CIS chair named tech educator of the year

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Touchette

Touchette

Troy Touchette calls his teaching style “giving the opportunity to figure things out on their own.”

By Jerico Magallanes

sac-ranger@alamo.edu

Troy Touchette, computer information systems chair, was recently named Tech Educator of the Year for 2015 by the San Antonio Business Journal’s second Tech Flash Titan Awards in December.

According to the SABJ, Touchette’s work shaped a curriculum to help students make a more seamless transition throughout academic careers and onward to employment in technology.

Vernell Walker, dean of professional and technical education, said in an email, “As department chairperson, Troy Touchette received recognition for San Antonio College as a National Center of Academic Excellence in Cyber Defense for Two-Year Education from the National Security Agency and the Department of Homeland Security.

The CAE2Y award was presented with a certificate ‘in recognition of significant contributions in meeting the national demand for cyber defense education, developing a growing number of professionals with cyber defense expertise, and ultimately, contributing to the protection of the national information infrastructure.’”

Touchette was involved with this college’s computer team taking third place in the Texas Showdown competition of Cyber Panoply at the Westin Hill Country Resort at La Cantera on Oct. 5, 2013.

In the summer, Touchette trained area high school teachers for a new dual-credit program for multimedia specialist.

Touchette also hosted a camp titled Cyber Defenders Summer, which teaches cyber security to middle and high school students.

Touchette keeps the camp free for disadvantaged students thanks to a grant he obtained.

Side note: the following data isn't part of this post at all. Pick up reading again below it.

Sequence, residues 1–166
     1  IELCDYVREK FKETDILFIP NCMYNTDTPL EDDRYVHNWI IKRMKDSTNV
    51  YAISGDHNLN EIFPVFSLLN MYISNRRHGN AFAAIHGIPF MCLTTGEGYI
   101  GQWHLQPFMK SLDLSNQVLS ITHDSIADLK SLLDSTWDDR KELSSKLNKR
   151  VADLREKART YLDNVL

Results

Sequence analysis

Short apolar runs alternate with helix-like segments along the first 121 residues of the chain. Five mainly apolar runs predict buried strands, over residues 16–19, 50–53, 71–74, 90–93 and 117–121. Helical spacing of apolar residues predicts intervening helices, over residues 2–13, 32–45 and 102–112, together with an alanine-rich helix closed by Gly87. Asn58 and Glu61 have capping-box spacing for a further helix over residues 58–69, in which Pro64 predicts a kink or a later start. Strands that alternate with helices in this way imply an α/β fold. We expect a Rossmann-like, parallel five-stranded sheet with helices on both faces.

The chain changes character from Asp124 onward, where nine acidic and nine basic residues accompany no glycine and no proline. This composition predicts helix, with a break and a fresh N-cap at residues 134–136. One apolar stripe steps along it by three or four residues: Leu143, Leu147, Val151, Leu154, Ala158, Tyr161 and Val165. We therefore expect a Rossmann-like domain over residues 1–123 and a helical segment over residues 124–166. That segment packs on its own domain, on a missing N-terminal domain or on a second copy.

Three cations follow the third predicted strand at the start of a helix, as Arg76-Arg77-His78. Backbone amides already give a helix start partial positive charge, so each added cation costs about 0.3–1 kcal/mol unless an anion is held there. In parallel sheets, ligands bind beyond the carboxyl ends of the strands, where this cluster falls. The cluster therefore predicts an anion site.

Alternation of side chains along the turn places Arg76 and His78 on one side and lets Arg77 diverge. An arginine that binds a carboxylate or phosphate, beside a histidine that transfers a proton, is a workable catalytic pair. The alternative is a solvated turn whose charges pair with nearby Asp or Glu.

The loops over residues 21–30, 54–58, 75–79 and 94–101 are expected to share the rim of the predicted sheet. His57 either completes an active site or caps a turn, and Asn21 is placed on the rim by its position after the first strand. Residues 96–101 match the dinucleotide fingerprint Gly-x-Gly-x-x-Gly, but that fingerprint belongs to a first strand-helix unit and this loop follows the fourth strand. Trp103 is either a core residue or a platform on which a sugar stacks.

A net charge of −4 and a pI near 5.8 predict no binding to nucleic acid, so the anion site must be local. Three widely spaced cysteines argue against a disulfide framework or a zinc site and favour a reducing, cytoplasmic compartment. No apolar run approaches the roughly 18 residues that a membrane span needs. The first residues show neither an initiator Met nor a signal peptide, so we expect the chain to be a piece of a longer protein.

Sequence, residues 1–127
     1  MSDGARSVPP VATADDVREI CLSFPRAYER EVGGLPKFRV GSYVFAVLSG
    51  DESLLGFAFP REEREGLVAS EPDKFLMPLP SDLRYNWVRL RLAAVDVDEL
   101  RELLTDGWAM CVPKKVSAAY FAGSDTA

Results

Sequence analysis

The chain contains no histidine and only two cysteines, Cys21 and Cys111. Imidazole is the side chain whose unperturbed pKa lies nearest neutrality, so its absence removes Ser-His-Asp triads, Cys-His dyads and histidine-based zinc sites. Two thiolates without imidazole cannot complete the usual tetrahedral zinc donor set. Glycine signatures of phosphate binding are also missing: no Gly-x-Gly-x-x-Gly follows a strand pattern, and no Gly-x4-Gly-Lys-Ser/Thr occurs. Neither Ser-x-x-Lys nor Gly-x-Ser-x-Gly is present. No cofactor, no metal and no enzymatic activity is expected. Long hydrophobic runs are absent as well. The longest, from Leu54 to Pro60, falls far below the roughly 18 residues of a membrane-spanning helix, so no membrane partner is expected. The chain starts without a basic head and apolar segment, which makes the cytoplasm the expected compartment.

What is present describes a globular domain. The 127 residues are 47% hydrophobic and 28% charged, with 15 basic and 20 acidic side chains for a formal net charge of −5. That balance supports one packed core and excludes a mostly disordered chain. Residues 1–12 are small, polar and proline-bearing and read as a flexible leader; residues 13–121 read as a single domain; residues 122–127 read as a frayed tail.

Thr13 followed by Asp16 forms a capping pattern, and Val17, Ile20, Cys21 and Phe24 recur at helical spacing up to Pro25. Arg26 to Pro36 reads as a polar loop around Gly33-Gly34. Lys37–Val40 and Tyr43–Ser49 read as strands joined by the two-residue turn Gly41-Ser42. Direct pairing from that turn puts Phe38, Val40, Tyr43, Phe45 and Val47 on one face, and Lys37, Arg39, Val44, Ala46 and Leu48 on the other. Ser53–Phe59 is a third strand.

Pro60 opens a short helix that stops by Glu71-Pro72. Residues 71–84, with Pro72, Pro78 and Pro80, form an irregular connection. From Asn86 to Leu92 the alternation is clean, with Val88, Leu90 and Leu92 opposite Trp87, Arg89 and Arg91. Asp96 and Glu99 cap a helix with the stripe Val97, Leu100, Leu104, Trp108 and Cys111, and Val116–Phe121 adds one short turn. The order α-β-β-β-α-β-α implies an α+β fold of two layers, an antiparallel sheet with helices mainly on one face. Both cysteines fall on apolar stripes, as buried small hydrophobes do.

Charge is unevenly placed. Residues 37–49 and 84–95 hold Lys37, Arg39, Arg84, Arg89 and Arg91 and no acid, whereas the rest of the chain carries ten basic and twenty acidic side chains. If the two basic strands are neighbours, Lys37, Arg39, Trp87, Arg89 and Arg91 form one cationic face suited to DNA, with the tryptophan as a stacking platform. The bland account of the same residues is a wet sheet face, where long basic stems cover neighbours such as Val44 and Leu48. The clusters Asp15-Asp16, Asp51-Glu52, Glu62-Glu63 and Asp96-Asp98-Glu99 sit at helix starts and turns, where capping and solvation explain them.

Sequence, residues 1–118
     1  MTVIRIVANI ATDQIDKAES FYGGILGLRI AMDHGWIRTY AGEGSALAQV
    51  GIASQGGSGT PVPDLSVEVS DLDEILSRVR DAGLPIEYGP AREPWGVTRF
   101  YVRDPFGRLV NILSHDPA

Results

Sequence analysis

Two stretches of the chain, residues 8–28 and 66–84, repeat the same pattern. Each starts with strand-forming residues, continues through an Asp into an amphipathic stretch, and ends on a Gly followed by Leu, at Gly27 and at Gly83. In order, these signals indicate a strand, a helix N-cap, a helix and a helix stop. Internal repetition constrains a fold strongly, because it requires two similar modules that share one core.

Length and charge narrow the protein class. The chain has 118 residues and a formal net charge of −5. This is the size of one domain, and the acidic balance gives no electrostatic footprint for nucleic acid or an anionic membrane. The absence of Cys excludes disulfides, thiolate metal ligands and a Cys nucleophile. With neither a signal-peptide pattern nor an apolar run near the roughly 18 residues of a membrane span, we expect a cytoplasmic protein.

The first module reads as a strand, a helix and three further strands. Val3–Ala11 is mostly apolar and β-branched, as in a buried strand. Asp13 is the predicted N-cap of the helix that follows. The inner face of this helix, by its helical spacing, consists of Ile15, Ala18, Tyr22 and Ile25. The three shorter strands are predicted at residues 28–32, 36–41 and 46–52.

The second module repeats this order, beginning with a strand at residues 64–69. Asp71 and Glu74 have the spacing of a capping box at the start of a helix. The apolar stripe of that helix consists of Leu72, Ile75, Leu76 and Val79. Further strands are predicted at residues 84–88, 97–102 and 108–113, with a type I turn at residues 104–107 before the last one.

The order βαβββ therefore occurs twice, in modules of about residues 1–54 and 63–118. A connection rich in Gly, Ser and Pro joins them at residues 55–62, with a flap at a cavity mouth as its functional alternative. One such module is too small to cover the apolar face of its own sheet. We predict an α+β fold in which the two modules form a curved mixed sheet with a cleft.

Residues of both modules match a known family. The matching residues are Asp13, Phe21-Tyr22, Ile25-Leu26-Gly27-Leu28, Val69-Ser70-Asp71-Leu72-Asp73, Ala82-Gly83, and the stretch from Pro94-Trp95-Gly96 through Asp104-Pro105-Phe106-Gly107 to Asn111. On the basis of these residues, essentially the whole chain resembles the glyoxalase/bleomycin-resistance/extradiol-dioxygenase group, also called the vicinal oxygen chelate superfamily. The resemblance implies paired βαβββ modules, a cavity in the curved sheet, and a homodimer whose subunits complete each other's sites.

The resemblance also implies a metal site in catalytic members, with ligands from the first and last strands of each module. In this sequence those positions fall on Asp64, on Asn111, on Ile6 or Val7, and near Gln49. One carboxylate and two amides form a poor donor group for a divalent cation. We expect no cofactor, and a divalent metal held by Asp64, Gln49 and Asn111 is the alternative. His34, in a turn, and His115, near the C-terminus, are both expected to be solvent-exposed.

He said, “Technology is about the people,” referring to collaborators such as Joe Sanchez, a director of the CyberTexas Foundation, a key figure in his accomplishments as a tech educator.

“The way technology has shotgunned, you can’t be an expert on everything,” Touchette said on the current state of technology.

CIS students often bunker into one programming language, which Touchette described as “political parties.”

Touchette reassures his students with an analogy, asking them “which tool in the toolbox is the best? What’s the job you’re doing?”

Touchette first took interest in CIS as a child after watching a Public Broadcasting Service special on computers.

In high school, he took a class on computer programming and went deeper into computer science after.

Touchette ventured into engineering outside of high school, and came into programming in “a very roundabout way,” he said.

Touchette’s first job took him to Austin as a programmer for the Texas Workforce Commission.

Later, he relocated to Louisiana to work for an insurance agency as a programmer.

Despite no prior educational experience, it was Touchette’s frequent training and mentoring and senior status in the workforce that inspired him to pursue teaching CIS at a college level.

His hands-on training style continues to this day, saying he teaches his students by “giving the opportunity to figure things out on their own.”

Touchette has been a faculty member since 1999 and was named chair of the CIS department in 2012.

His responsibilities include overseeing department operations, including budget, scheduling and degree plan coordination.

He also serves as a professor of programming and security courses.

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